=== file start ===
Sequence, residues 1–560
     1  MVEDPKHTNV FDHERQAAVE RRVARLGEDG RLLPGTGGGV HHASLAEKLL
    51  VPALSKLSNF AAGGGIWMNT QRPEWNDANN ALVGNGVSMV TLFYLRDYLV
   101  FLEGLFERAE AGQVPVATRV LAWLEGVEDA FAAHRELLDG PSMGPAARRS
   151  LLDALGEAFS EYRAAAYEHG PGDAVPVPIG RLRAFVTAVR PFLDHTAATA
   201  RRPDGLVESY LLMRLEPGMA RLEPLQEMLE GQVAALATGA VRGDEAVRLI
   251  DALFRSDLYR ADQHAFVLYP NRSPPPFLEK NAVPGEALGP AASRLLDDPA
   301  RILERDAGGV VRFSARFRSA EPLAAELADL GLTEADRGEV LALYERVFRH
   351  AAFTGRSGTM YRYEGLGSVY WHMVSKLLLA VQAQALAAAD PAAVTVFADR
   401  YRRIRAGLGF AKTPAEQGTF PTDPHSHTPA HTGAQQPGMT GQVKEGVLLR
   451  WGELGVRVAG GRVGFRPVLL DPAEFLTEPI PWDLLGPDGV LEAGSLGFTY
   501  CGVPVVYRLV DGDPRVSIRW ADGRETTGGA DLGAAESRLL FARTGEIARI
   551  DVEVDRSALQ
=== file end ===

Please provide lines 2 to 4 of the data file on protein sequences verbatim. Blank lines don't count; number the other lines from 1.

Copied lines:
     1  MVEDPKHTNV FDHERQAAVE RRVARLGEDG RLLPGTGGGV HHASLAEKLL
    51  VPALSKLSNF AAGGGIWMNT QRPEWNDANN ALVGNGVSMV TLFYLRDYLV
   101  FLEGLFERAE AGQVPVATRV LAWLEGVEDA FAAHRELLDG PSMGPAARRS